“Your Holiday Song” sounds more like  a”real” Indigo Girls song–great harmonies, cool chord progressions.  (This one was written by Emily Saliers, so that makes sense).  It’s the first song I really like on the disc.

It’s the middle of the disc that really loses any steam it had.  “I’ll be Home for Christmas” is certainly a sad kind of song, but their version is practically suicidal.  Oh it’s such a downer with that slow violin solo.  Who would want to listen to this version of this song?
“Mistletoe” is an Amy Ray original.  Coming right after the downer of “I’ll be Home” this one is also slow and a downer.  I find that Ray’s voice also sounds really different on this song–I would never have guessed this was her.
“Peace Child” is the third downer in a row, and you just want to give up on your festive mood after this one.

But it picks up with a rollicking bluegrass “The Wonder Song” (written by Amy Ray).  It’s the most fun song on the disc and while it doesn’t scream Christmas, it is a holiday song.

Obviously no one is making “In the Bleak Midwinter” into an upbeat poppy song.  Their version is quite pretty, and their harmonies are wonderful.

Perhaps the strangest song is their cover of Woody Guthrie’s “Happy Joyous Hanukkah.”  It feels very Guthrie, which means it should be done in a folk style (which it is).  The surprise is the full bluegrass rendition of a Hanukkah song (how many Hanukkah songs have whooping in them?  It’s fun, though.

“Angels We Have Heard on High” sounds great with their harmonies.  Although the mandolin solo kind of brings the song down to earth in a weird way.

The disc ends as it middled, with a slow, mournful song,”There’s Still My Joy.”  While I know that not everyone is happy at Christmastime, this record goes a bit too far into the darkness for my liking.

[READ: December 2, 2014] Tib and Tum Tum

Here is another translated comic.  It is done with great flair by Carol Klio Burrel who also did Nola’s World.  This story is aimed more at kids though (but is not existential at all–see yesterday’;s post about translated stories).  The biggest surprise for me with this is that it is actually a series of one page strips rather than a long graphic novel (I think).  Well, there is a long story arc, but every page seems to have a “punchline” as if the story was sequential rather than continuous.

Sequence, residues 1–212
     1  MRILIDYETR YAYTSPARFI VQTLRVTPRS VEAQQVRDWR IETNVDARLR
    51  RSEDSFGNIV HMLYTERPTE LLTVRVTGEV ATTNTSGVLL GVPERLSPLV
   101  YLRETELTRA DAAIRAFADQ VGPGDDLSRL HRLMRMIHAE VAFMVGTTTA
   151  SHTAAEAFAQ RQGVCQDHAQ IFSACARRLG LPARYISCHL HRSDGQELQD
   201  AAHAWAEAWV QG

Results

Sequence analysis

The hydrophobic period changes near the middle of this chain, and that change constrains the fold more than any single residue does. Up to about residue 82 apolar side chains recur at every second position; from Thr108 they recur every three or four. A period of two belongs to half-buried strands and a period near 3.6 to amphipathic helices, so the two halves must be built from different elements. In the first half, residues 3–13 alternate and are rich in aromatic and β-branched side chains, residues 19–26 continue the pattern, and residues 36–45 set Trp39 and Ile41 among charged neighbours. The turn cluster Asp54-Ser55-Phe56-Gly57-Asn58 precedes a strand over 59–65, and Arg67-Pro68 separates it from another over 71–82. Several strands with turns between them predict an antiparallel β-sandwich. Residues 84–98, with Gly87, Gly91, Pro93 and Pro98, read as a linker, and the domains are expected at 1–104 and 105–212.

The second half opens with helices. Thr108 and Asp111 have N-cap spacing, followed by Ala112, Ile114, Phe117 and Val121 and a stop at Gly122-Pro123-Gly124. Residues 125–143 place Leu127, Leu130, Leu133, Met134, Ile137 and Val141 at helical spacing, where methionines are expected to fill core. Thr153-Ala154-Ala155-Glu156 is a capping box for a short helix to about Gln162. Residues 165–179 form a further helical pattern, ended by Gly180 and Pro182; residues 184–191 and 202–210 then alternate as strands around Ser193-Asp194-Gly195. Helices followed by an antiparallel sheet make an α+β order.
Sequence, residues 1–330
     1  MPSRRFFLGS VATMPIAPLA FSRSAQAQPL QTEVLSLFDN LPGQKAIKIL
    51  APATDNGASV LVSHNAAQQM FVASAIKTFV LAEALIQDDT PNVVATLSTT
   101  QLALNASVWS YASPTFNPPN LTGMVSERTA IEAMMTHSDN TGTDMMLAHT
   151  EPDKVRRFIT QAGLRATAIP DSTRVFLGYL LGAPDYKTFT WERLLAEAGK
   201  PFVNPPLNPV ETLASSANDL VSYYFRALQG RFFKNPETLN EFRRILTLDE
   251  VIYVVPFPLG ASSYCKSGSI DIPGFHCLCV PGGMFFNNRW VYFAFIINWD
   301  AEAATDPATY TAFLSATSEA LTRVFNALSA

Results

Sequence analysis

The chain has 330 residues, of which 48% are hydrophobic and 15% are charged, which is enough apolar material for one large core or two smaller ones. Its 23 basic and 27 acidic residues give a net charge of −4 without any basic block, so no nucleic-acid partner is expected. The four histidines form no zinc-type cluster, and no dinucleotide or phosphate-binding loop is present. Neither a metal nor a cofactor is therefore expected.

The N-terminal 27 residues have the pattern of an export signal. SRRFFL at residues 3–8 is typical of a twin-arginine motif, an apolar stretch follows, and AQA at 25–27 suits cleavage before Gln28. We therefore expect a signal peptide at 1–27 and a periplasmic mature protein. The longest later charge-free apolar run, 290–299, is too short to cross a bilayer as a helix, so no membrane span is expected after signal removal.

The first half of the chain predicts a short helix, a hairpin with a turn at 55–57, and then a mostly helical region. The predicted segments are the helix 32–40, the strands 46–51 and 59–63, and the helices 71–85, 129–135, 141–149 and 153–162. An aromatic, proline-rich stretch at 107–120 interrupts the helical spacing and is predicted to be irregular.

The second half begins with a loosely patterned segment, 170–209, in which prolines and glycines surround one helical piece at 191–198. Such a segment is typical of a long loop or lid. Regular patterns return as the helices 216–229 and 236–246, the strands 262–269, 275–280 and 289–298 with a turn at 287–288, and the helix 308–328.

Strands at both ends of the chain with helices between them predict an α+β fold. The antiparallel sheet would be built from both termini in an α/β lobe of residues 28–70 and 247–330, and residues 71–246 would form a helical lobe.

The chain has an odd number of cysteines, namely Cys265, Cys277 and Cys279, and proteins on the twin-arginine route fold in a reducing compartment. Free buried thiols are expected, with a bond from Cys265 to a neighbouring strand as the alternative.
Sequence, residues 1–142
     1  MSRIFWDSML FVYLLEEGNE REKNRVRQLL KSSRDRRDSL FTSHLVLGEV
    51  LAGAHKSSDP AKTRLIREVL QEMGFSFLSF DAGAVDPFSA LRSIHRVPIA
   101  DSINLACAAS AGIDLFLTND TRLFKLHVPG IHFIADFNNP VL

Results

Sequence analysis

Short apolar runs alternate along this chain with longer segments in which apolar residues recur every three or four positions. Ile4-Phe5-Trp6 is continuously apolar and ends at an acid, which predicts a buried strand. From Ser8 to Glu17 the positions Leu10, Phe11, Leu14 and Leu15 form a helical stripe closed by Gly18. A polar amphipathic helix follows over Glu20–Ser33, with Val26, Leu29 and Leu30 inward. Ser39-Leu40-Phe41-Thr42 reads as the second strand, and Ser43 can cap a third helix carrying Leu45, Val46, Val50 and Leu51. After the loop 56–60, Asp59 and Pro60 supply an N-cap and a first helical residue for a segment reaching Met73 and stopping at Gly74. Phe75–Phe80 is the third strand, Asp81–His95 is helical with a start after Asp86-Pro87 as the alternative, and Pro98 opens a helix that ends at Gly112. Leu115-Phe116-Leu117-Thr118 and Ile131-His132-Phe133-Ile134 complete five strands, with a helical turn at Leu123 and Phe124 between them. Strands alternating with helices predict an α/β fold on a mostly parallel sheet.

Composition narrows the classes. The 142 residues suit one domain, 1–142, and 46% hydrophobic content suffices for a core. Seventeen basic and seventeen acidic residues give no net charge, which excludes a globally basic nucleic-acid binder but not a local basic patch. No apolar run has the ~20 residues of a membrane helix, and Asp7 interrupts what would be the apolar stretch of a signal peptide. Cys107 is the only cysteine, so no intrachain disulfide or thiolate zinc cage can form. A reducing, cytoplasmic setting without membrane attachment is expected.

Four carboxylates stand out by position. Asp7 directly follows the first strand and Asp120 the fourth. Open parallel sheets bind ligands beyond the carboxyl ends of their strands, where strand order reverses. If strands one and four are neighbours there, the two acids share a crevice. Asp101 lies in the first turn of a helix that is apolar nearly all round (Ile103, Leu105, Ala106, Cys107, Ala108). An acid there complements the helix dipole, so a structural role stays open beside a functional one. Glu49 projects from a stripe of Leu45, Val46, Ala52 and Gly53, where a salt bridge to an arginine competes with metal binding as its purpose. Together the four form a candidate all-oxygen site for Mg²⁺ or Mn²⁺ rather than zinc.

It’s a very simple premise. The book is set in caveman days.  Tib is a small boy with a giant birthmark on his face.  The other kids make fun of him for this.  His mother is overprotective (the joke about him always being safe is very funny) and his father is an oblivious storyteller (whoppers of tales, I must say).  In that first strip, Tib runs into Tum Tum, a baby dinosaur.  He is adorable (and a little scary too, of course).  And Tib decides that this red guy is pretty cool.  Tum Tum spends most of his time chasing (an eating) butterflies.

When Tib tells the elders about the dinosaur they tell him of course that dinosaurs are extinct.  (I love that the story is set in caveman times but that they talk in a more or less contemporary way (no grunting) and are knowledgeable (there’s a sewing joke which is very funny).  When he tries to show Tum Tum to them, the dinosaur hides so no one can see him.  Eventually his mom thinks he has an imaginary friend. (more…)

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tcoop-realmanSOUNDTRACK: REAL MAN ADVENTURES: A Collection of (Mostly) Original Songs by (Entirely) Original Artists–All Inspired by the Book. (An Album! A Book! A Shark!) (2012).